Before I could argue my case any further, the courtroom doors opened and the bailiff called my name. By signing my baby away, to strangers, my life could return to the way it had been.
By: Margaret Mott
I touched my mother’s arm and pleaded in one last desperate attempt to stop the events from unfolding. “Please don’t make me do this”.
“Don’t start.” She sat stiffly in her black dress, her court attire, as though she was at a funeral. She was – mine.
Mom insisted that I wear the new white dress she had bought me as though by wearing it I would become a virgin again, that by signing my baby away, to strangers, my life could return to the way it had been. Of course, I knew it would never be the same.
I was too young to be an adult but too full of life’s experiences to be a child, a woman/child trapped outside the boundaries of both. An outcast robbed of childhood laughter, yet too young to enjoy the control of adulthood. I longed to be held, cared for and told everything would be all right.
“I’ll get a job. I’ll take care of her.” Mom and I never used Noel’s name openly. It was always ‘her’ to Mom so as not to get too personal. Not to imagine her as my daughter or my mother’s granddaughter.
“You have to go back to school.”
“I’ll go to school at night and work during the day.”
“What kind of a job could you get? No dear, this is best for you and the baby.”
Before I could argue my case any further, the courtroom doors opened and the bailiff called my name. His voice echoed through the empty hallway. I sat frozen. Mother stood and walked toward the doors yanking on my arm, forcing me to follow.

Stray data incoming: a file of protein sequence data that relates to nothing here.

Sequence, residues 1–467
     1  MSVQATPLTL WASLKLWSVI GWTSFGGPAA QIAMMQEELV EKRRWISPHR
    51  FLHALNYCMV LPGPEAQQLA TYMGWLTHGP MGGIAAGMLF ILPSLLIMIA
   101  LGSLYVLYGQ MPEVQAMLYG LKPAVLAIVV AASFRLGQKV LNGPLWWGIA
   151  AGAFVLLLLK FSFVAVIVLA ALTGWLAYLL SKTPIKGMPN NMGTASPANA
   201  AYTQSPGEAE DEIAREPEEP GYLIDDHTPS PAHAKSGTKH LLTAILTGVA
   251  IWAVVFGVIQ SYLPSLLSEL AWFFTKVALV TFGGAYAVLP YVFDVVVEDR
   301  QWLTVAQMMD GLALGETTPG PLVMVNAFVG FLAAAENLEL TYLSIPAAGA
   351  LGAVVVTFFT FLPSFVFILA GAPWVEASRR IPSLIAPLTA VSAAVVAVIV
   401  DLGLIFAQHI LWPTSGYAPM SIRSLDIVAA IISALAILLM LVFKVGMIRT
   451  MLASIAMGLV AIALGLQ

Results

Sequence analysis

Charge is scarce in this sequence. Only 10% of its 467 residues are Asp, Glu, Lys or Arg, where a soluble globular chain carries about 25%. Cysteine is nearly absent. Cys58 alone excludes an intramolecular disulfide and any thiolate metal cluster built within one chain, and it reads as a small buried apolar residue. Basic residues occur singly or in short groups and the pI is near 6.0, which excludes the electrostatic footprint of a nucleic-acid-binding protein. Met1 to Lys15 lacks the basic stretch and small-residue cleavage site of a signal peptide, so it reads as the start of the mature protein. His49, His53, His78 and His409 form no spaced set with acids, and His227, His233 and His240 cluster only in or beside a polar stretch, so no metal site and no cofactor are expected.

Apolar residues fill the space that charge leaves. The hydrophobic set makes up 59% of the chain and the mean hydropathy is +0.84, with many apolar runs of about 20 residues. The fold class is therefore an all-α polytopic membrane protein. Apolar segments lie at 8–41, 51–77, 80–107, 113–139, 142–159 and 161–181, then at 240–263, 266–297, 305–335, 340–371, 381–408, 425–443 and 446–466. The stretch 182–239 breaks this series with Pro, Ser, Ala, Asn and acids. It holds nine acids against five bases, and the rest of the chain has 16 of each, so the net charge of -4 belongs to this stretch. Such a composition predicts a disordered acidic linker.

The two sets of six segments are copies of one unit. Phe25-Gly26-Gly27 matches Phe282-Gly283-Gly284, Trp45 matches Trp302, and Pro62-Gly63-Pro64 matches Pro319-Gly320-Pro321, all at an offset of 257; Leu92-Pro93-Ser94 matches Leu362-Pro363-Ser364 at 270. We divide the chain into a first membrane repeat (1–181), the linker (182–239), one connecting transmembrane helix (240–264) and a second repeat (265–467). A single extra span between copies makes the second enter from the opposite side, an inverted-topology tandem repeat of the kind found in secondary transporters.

I knew nothing of duress at that age or that I wasn’t old enough to sign a legal contract, so when the judge asked me if I understood what I was doing, I could only nod and mumble a laden yes.
There are moments in time, frozen, but never forgotten. This was the day my heart froze. It was the only way I could survive. Un-empowered, intimidated, I let them take my Noel. I left the courthouse with a soul as deadened as any of those women in the doll’s eyeball factory. My tears dried. I put my girlish dreams away. No more fairy tales of pumpkins turned into carriages and white knights to carry me off. Life had dished me a healthy dose of reality so I pushed my dream of Noel where no one would see, only allowing myself to think about her occasionally, like a precious jewel removed from the vault where I could view the purity and the beauty, but only for a moment.
About the Author:
Margaret Mott is now happily married and living in Vancouver, Canada. What she learned in her life is that even the most horrible experience can result in the best thing that ever happens. She found her daughter when she needed her most.